Where There's Smoke, There's Fire

Fire recruits train at the CFD facility at 1338 S. Clinton St., Chgo.

According to to a federal lawsuit filed this past Friday, twelve women allege that despite a federal court judgment against the City for practising “discrimination against women for more than a decade,” Chicago’s Fire Department continues to do so.
The twelve paramedics assert that “hiring discrimination” is still ongoing. According to the lawsuit, after abandoning the discriminatory hiring test, the City invented new tests to disqualify capable women in the Fire Academy. Chicago’s paramedic workforce is 70 percent male and very little has changed for two decades, and the numbers are reflective of “a deep-seated hostility within the CFD to allowing women to serve,” according to a statement issued by their attorney.
Further, attorneys Marni Willenson and Joshua Karsh state that the City abandoned its discriminatory pre-hire test for paramedics in 2014, in a previous lawsuit, only to adopt a new test when more women were hired. “Instead of welcoming women into the Chicago Fire Academy, the City instituted the new tests, which tend to weigh heavily against women candidates and don’t measure whether they can do the job.”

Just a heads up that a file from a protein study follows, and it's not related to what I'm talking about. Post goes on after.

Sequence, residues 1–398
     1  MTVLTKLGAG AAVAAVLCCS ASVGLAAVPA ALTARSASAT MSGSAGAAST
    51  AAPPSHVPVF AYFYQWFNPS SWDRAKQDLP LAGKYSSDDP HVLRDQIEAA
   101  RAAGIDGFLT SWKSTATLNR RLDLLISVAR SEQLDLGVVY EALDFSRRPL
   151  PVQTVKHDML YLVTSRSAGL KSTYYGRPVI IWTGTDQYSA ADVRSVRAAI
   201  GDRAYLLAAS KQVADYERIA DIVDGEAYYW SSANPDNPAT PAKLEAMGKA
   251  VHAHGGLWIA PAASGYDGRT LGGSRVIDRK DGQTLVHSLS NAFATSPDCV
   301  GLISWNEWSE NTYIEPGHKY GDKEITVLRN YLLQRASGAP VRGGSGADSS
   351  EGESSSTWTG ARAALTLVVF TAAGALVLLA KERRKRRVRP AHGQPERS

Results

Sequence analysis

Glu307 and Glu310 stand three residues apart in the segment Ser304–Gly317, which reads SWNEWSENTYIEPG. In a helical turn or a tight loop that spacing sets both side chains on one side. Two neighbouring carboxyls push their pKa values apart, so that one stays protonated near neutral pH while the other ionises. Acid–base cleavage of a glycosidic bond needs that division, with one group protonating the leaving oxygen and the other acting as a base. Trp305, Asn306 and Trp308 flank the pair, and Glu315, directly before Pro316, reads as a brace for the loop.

Jennifer Livingston, one of the plaintiffs said: “I have been working as a paramedic for 17 years and have carried very heavy patients up and down stairs, lifted patients onto stretchers, and helped pull patients who have fallen down in their bathrooms out of tight spaces,” and no partner has ever complained she added. “One thing I have not done on the job ever, is step up and down an 18-inch box, keeping beat. That’s not what paramedics do.”
These women have passed all of the physical testing required to get into the Fire Academy, yet are told, “You’re still not good enough,” says their attorney. “Too many women have experienced this, and we know how much it stings.”
“The fire department should not be the boys club that it is; change is long overdue,” they stated. Stay tuned for this developing story. . .

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